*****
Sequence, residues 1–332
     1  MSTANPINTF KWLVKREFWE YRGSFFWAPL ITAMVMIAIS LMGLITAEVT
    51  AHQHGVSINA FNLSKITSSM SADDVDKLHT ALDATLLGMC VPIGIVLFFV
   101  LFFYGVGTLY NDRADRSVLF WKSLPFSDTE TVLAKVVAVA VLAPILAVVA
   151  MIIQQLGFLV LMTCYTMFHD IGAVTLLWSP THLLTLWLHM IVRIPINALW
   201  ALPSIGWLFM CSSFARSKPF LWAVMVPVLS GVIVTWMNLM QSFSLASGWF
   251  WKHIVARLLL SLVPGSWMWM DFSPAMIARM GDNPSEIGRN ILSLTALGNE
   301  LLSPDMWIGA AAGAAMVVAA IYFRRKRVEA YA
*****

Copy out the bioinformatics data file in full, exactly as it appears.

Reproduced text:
Sequence, residues 1–332
     1  MSTANPINTF KWLVKREFWE YRGSFFWAPL ITAMVMIAIS LMGLITAEVT
    51  AHQHGVSINA FNLSKITSSM SADDVDKLHT ALDATLLGMC VPIGIVLFFV
   101  LFFYGVGTLY NDRADRSVLF WKSLPFSDTE TVLAKVVAVA VLAPILAVVA
   151  MIIQQLGFLV LMTCYTMFHD IGAVTLLWSP THLLTLWLHM IVRIPINALW
   201  ALPSIGWLFM CSSFARSKPF LWAVMVPVLS GVIVTWMNLM QSFSLASGWF
   251  WKHIVARLLL SLVPGSWMWM DFSPAMIARM GDNPSEIGRN ILSLTALGNE
   301  LLSPDMWIGA AAGAAMVVAA IYFRRKRVEA YA